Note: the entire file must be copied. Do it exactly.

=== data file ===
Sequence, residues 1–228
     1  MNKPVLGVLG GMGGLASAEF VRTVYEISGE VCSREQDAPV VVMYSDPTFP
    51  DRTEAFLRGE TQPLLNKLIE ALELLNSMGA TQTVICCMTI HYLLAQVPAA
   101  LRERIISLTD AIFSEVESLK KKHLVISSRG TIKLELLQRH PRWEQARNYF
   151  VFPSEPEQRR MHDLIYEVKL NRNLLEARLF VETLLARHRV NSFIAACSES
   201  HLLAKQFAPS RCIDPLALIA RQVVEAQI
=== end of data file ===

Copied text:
Sequence, residues 1–228
     1  MNKPVLGVLG GMGGLASAEF VRTVYEISGE VCSREQDAPV VVMYSDPTFP
    51  DRTEAFLRGE TQPLLNKLIE ALELLNSMGA TQTVICCMTI HYLLAQVPAA
   101  LRERIISLTD AIFSEVESLK KKHLVISSRG TIKLELLQRH PRWEQARNYF
   151  VFPSEPEQRR MHDLIYEVKL NRNLLEARLF VETLLARHRV NSFIAACSES
   201  HLLAKQFAPS RCIDPLALIA RQVVEAQI